andrew kruse-ross | cp telethon | feb.2018
Calendars may read that spring officially begins on March 20, but for those residing in Northeastern Wisconsin, many are eager to turn the page on the frigid days of winter and welcome the coming of spring with open arms. Perhaps no event harnesses spring's optimism in N.E. Wisconsin like the annual CP Telethon.
Held during the first weekend of March, and first broadcast in 1954, the CP Telethon is the oldest annual telethon in the United States. While many telethons have come and gone, the CP Telethon continues to thrive.
“It's such a tradition engrained in this community. I think that's what gives it its life every year," says Kristen Paquet, CP's director of marketing and communications.
“People may not need to come here for our services ever, but they know what telethon is. Everyone has a memory it seems of telethon."
Last year, telethon collected more than $1.2 million and the non-profit organization hopes to eclipse those numbers in 2018. Funds collected during the telethon, which all stay in Northeastern Wisconsin, go to support the ongoing operations of CP's four primary programs. Those programs — adult day care services, therapy services, CP early education & care and the aquatic center — go beyond assisting those affected by cerebral palsy.
“Our services are pretty vast and wide," says Paquet. “We serve people whether they have a physical disability, a cognitive sensory condition or a communication disorder, so it really runs the gamut."
CP services persons of all abilities including those with ALS, muscular dystrophy, multiple sclerosis, autism and other special needs. As each case is unique, CP's services are tailored to the individual. While some clients only require part-time use of CP's services, others may require services more often.
Two-year-old Charlie Cheslock is a frequent visitor to CP. He was born with a large birthmark on his right side and an extra thumb on his right hand, but according to his mother, Charlie's first days at home were not out of the ordinary.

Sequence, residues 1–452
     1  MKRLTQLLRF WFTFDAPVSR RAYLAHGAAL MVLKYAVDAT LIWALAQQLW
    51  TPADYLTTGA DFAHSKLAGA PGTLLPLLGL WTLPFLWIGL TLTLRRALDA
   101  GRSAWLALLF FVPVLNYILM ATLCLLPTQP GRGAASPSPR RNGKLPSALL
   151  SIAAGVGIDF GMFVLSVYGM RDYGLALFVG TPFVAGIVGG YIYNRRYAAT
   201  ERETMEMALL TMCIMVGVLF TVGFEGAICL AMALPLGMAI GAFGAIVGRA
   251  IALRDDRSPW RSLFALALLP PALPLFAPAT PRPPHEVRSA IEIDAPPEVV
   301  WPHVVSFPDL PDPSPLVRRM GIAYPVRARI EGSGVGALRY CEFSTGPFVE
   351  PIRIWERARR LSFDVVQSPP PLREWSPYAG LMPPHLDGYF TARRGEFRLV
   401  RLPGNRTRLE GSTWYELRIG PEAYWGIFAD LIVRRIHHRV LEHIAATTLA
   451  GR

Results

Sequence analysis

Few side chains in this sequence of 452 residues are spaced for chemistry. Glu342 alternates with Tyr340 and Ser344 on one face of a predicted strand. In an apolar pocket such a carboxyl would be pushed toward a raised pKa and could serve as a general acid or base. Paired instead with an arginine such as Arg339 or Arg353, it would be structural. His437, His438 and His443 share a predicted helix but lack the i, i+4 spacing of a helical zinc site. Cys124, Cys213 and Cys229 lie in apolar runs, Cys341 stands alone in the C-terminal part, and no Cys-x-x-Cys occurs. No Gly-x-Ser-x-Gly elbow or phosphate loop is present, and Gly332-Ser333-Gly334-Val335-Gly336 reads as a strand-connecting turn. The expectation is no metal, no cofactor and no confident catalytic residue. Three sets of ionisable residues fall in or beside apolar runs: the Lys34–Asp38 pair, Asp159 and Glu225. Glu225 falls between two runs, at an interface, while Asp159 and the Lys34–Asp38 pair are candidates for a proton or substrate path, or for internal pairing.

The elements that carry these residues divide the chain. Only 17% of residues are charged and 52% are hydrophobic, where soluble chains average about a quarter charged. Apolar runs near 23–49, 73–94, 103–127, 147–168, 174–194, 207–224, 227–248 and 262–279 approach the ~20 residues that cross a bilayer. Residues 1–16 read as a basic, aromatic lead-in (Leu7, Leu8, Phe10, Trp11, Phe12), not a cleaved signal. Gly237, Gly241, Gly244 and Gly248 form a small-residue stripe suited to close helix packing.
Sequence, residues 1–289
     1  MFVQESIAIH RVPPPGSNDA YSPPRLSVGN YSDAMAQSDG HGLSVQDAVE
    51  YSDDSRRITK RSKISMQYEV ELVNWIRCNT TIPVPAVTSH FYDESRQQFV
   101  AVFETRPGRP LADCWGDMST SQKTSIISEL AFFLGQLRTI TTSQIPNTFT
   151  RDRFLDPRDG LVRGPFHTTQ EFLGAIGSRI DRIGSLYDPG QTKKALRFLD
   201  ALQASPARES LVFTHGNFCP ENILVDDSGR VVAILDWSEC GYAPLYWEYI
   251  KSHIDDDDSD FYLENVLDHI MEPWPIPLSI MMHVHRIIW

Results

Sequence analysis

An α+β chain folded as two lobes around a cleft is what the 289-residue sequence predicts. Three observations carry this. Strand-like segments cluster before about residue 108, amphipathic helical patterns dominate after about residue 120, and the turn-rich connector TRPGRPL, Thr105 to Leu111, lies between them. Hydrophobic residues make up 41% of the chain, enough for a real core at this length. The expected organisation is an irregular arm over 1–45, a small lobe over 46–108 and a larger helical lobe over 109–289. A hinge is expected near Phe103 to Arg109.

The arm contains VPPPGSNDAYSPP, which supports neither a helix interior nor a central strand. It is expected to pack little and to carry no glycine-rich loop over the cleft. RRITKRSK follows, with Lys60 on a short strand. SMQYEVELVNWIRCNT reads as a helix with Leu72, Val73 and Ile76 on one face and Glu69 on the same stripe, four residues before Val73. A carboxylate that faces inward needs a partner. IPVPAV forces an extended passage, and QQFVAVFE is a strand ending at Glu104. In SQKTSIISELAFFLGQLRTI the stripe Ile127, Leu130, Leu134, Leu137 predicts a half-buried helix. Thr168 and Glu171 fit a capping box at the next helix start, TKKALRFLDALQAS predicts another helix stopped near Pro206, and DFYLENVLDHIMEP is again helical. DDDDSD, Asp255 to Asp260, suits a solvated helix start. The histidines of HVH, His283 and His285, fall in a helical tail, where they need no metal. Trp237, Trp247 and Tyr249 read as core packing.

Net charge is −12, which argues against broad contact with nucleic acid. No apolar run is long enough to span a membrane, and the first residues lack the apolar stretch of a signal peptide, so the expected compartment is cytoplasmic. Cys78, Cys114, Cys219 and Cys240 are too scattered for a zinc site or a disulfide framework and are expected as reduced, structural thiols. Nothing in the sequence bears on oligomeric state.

“We were not too concerned," says Melissa Cheslock, Charlie's mother. “He was breathing, eating and thriving, that's what mattered most to us. So we took him home from the hospital where he was a typical baby for about two months."
When Charlie stopped eating and refused anything in his mouth, he was taken to Children's Hospital of Wisconsin where he underwent more than a dozen tests.
“That's when our world came crashing down," says Cheslock. “We didn't know what was going on with Charlie, but we knew it wasn't good. From that moment on, more and more symptoms came to light including failure to eat on his own, significant respiratory challenges, poor vision, glaucoma, a cataract, heart issues and hyperthyroidism."
Today, Charlie remains undiagnosed, but doctors have discovered a gene mutation unique to Charlie. As no other person is known to have this mutation, doctors are reluctant to attribute his issues to the mutation but are working hard to better understand it.
Today, Charlie does not walk, talk or eat on his own and is legally blind. He attends CP regularly, receiving speech and occupational therapy once a week and physical therapy twice a week. He's also enrolled in CP's daycare and a parent/child swim class.
Cheslock, who moved from Milwaukee to De Pere to be closer to family, says the services Charlie has received at CP are “unparalleled."
“CP is a special place; we feel incredibly fortunate to have this option available to our family. Beyond the excellent therapy services, CP gives our family hope. We are now more hopeful than ever that Charlie will walk someday and that he will talk someday. Even if he doesn't, thanks to CP, we now have the tools that Charlie needs to have independence and a voice."